Laura-Anne Minkoff-Zern, associate professor of food studies in Falk College, was interviewed for the Syracuse.com story “Why aren’t NY farm workers in the Covid-19 vaccine line?” Minkoff-Zern, an expert on the intersections of food and social justice, comments on the…
Belfer Archive awarded $505,000 grant from Andrew W. Mellon Foundation
The Andrew W. Mellon Foundation has awarded $505,000 to Syracuse University to support the positions of director and sound archivist for Syracuse University Library’s Belfer Audio Laboratory and Archive. The library will work closely with The College of Arts and Sciences, the College of Visual and Performing Arts, the S.I. Newhouse School of Public Communications and the Maxwell School of Citizenship and Public Affairs to integrate Belfer resources into their scholarly work and to make it easier for scholars to discover and use audio resources in a digital environment. The award also provides funding to equip a smart classroom in the Belfer facility.
“Syracuse University is grateful to the Andrew W. Mellon Foundation for this generous grant,” says SU Vice Chancellor and Provost Eric F. Spina. “By rebuilding the leadership, we will rekindle the involvement of faculty here and nationally in this exemplary research archive. This award will enable us to reach our goal of making Belfer’s treasures broadly available for teaching, research and listening.”
The Belfer Audio Laboratory and Archive at SU is a significant research repository that documents the history of American recorded sound. The collections have grown to more than 500,000 recordings, making it one of the nation’s foremost audio archives. Belfer’s extensive collections and playback equipment represent a wide range of audio recording history, from the earliest experimental recordings on tinfoil, to cylinders, Edison Diamond discs, 78-rpm and 45-rpm recordings and a variety of audiotapes. The collections are especially rich in popular vocal and instrumental music and include classical, jazz, marches, novelty, comedy, folk, country, ethnic and experimental genres.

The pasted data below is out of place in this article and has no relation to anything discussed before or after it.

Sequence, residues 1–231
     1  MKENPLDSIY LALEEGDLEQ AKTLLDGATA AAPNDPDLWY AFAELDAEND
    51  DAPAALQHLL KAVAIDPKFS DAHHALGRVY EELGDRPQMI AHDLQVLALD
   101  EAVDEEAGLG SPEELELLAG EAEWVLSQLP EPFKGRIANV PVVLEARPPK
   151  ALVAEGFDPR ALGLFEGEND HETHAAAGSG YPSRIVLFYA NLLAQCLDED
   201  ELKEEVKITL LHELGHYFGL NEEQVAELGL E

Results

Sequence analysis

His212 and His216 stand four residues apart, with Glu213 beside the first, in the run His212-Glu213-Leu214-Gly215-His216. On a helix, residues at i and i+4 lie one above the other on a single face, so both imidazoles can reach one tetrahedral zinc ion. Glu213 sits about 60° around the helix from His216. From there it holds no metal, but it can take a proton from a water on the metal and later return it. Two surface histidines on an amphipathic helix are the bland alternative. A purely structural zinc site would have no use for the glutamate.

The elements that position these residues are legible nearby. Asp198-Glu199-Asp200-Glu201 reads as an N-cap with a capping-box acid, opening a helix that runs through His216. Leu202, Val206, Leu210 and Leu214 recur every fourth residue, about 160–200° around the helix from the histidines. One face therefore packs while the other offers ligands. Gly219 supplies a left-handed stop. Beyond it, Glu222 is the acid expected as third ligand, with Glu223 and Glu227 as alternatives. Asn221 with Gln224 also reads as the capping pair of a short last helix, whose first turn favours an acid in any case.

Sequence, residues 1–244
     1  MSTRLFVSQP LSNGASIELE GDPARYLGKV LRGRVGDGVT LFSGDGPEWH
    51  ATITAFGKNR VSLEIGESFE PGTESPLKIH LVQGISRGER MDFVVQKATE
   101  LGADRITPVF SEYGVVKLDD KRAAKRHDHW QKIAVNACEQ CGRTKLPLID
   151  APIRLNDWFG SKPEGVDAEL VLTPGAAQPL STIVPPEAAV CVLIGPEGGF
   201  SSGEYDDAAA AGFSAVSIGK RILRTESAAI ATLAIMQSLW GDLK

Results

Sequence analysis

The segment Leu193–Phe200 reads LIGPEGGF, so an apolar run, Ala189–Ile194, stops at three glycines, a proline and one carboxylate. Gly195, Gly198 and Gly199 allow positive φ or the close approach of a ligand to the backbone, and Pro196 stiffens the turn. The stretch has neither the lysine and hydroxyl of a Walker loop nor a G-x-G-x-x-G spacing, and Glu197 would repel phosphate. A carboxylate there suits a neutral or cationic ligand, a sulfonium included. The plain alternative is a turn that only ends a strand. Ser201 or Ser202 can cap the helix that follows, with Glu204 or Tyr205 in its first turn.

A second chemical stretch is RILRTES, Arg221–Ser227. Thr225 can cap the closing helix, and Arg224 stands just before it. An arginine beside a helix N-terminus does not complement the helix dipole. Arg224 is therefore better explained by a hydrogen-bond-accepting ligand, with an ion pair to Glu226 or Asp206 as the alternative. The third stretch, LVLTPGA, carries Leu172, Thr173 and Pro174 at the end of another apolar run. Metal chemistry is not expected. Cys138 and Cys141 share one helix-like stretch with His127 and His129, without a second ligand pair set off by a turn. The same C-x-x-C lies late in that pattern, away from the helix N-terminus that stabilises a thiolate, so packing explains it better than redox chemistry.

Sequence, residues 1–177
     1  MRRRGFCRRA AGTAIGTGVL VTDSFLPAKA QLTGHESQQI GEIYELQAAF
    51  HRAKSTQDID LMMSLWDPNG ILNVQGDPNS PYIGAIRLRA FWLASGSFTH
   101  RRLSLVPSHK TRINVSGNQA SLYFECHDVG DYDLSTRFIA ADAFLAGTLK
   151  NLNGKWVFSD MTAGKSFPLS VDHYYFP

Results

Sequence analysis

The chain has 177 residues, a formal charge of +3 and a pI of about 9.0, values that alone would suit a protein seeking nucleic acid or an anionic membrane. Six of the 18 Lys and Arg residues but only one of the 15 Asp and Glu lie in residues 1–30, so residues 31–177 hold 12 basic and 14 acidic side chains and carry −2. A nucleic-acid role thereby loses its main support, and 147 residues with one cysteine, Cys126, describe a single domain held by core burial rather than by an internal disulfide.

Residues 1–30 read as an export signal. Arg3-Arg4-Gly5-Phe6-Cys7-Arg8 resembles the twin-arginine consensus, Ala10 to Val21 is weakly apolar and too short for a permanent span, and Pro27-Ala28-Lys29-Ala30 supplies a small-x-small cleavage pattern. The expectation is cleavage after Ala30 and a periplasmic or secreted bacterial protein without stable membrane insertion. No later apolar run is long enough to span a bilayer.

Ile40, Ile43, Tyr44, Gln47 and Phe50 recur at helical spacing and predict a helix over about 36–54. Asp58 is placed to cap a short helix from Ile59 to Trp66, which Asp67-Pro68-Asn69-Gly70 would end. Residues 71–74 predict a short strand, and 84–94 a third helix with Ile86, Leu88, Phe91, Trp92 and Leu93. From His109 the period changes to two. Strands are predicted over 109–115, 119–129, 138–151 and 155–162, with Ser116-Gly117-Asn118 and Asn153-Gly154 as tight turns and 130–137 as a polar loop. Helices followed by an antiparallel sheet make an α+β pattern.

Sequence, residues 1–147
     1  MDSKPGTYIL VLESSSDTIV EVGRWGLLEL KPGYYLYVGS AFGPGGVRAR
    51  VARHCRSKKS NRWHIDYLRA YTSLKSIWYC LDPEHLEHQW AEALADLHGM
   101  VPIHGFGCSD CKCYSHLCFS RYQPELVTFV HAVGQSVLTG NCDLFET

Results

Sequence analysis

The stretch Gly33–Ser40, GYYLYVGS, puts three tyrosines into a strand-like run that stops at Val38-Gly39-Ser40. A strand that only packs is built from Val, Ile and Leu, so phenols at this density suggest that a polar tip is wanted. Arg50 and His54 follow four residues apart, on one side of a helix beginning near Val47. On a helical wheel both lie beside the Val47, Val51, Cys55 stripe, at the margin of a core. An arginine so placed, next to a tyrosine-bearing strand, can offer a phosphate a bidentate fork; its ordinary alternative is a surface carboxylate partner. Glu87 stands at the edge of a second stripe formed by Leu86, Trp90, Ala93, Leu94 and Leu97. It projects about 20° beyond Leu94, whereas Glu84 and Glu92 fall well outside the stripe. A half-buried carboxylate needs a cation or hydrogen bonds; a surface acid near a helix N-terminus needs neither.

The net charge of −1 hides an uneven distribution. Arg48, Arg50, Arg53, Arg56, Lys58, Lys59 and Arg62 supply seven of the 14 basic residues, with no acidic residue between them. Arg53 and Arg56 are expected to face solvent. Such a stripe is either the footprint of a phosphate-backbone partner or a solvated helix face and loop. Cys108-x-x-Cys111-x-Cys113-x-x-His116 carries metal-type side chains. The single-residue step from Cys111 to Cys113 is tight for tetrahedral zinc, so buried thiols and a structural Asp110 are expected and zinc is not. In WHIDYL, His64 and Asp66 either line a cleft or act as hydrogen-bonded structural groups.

In addition to music, the Belfer collections also contain recordings of political leaders, poets, philosophers and famous actors, as well as early radio broadcasts and unreleased discs from major recording companies. Famous voices include Thomas Edison, George Bernard Shaw, Amelia Earhart, Albert Einstein, Margaret Bourke-White, Franklin D. Roosevelt, Albert Schweitzer and Benjamin Spock.
The director, who will teach in one or more of the Belfer’s constituent academic departments, will promote the innovative use of the collections in research and teaching and will have an established reputation in the history of recorded sound and/or in the policy, law and economics governing the use of recorded sound. The archivist will be responsible for providing access to Belfer’s recordings, selecting appropriate discovery tools (including MARC cataloging, EAD finding aids and new methodologies) and devising new delivery methods.
The dean of the library, Suzanne Thorin, comments that the new state-of-the-art classroom will help to ensure that the Belfer Archive becomes a recognized campus center for research and teaching in the history of recorded sound. Mellon funds will be the catalyst for University investment in renovating this space, which will double the capacity of the existing classroom and make available technologies that will enable faculty and students to experiment with historical and new recorded sound.